UKEdMag: A beginner’s guide to EAL learners by @dileed

From the May 2016 UKEdMagazine

One of the most stimulating aspects of teaching EAL learners is that, whatever your experience and acquired expertise with one particular EAL pupil group or context, any one of us can quickly feel like a rookie again in relation to a different EAL pupil demographic or individual EAL pupil situation. So although this guide may seem aimed at new teachers or those teaching EAL children for the first time, it could equally be relevant for readers who are encountering EAL learners with different languages and/or ethnicities and/or fluencies or someone taking up leadership responsibility for EAL and needing to think more strategically.

This article originally appeared in the free UKEdMagazine – Click here to view.

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Step One: Recognise the unbearable lightness of labels – EAL learners are not all the same.

What do you need to know about an EAL learner in your class?

  • Current fluency in English and individual language targets appropriate for fluency stage. For an absolute beginner these may relate to speaking and listening only.
  • How long they have been learning English (remember it takes 5+ years to reach age related fluency for most).
  • L1 fluency/fluencies and L1 literacy/literacies. This helps you judge when L1 will support learning English or be a pragmatic choice to capture curriculum understanding ahead of current expressive English fluency
  • Prior education and in what context. No point translating something a child has never studied and you don’t want to miss the chance to velcro learning in English onto what they have already achieved in another language.
  • Context : ethnicity, cultural background, socio economic factors, social emotional factors, any additional needs – just as varied as any monolingual learner.

EAL as a pupil descriptor incorporates a very broad pupil group. Each of the areas above will vary across individual learner profiles and impact on both the provision needed at any one time and progress – though it’s important to remember that if an EAL learner does not make faster progress than monolingual peers they will never catch up long term. The most effective EAL assessment captures the essentials from a more detailed profile for mainstream teachers and ensures they are provided with individual English fluency targets suitable for their teaching subject. This helps identify differentiation needed. It’s a challenge for EAL leadership to make sure individual teachers are not trying to second guess these details at the same time as teaching.

Step Two: Establish big picture priorities for curriculum planning and delivery.

Don’t be a top tips junkie without relating strategies to a rationale for EAL differentiation. EAL Learners need the following three things but different EAL learners will need adjustments according to the fluency of their receptive and expressive English and their prior experience of education.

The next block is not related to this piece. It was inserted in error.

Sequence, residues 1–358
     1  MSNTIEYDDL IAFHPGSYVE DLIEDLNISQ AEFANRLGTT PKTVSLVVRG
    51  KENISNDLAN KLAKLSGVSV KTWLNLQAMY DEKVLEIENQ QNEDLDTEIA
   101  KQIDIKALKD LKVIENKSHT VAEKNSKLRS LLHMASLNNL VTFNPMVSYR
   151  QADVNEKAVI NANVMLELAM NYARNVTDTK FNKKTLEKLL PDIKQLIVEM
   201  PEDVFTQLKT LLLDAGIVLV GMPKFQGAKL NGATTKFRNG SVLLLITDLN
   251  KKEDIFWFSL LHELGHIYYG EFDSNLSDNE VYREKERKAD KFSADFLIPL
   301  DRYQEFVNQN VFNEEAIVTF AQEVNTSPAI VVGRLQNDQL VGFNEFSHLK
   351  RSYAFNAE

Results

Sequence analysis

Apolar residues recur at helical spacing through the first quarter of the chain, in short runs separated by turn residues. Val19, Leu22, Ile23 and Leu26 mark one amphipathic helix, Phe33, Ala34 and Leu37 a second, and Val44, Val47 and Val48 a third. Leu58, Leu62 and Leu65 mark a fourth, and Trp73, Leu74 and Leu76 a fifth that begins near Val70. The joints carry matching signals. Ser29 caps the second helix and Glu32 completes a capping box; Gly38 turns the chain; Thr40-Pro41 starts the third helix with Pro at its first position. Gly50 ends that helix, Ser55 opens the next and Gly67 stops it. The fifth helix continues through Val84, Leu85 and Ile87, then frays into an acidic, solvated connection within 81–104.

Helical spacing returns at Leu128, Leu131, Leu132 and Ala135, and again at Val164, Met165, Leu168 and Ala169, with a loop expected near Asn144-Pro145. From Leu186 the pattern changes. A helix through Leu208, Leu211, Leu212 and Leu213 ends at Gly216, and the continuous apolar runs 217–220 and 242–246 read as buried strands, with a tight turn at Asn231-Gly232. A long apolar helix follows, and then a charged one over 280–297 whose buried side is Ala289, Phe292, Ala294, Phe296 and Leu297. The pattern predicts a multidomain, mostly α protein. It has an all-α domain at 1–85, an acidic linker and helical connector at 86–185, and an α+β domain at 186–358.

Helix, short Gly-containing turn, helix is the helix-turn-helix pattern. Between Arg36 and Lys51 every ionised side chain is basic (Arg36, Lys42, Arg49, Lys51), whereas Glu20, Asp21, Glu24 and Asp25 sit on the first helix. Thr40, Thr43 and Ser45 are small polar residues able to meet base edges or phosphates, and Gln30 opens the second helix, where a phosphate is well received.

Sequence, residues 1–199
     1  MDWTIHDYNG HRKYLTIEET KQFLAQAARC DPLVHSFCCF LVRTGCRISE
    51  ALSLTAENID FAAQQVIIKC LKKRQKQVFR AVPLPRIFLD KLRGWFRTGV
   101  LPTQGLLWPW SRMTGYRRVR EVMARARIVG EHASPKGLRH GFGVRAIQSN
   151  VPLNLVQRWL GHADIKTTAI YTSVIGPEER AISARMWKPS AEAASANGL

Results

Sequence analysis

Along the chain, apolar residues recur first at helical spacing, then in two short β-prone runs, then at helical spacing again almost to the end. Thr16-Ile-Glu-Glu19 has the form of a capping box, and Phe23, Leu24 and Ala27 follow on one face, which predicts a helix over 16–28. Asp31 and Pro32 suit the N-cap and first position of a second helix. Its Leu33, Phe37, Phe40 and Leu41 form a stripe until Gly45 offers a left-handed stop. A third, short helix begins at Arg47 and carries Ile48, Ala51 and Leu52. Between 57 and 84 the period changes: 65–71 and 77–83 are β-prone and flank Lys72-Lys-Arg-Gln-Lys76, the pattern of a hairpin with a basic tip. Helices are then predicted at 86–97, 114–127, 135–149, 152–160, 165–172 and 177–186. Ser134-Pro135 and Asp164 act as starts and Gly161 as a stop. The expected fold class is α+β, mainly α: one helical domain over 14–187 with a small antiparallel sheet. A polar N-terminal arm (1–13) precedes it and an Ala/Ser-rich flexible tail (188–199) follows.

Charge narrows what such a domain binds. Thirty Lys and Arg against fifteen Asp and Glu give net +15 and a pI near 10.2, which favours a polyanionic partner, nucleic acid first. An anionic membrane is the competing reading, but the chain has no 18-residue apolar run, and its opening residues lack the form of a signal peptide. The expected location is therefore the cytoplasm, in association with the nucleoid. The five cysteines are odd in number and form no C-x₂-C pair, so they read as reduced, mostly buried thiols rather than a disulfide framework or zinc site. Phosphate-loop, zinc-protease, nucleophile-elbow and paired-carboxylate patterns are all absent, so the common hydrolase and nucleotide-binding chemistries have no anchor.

• comprehensible input: make the curriculum content as understandable as you can via key visuals, diagrams, concrete objects and experience.
  • appropriate cognitive challenge : create opportunities for EAL learners to show what they know and understand ahead of their expressive English fluency.

These will be most important when English is least fluent. It’s when collaborative learning and the use of images and activities like card sorts are so essential.

  • Language Development: EAL learners need to learn English via your subject content with models and scaffolding matched to their current English fluency. Learning new vocabulary is an important part of this process but not enough without consideration of the collocations, idioms and language structures used.

The EAL Nexus site models practical approaches and resources for all three aspects of differentiation for different fluencies and contexts. Look out for their Great Ideas pages. It’s important to collaborate as much as you can. There is no need to plan a different lesson for every EAL child but collective conversations about the language demands of your current SoW and a divvy up production of adaptable templates and key visuals saves individual teachers time and stress. It also means that you can liaise more effectively with any available support to prep ahead of the lesson and consolidate after.

Step Three: Draw upon external resources and support networks.

Not many schools have EAL support available via LAs any more but do explore what is available via your local and regional school networks. Try not to just download uncritically but discuss theory and practice in your school context and advocate for targeted CPD when necessary.

NALDIC is the EAL Subject Association and the site links to an associated Google group community where you can post questions.

EAL MESH collates strategies in relation to research.

NASSEA has one example of a very accessible approach to EAL assessment.

Supplementary Schools and local community groups can be very helpful with insights about language, culture and overseas curriculum as well as possible bilingual support for translation and interpretation.

Diane Leedham @dileed is an independent teacher, consultant, trainer and writer, specialising in English, Literacy and EAL and multilingualism. She has more than 30 years experience in teaching, teacher development/ training and subject/school leadership, EYFS to KS5. Read her blog

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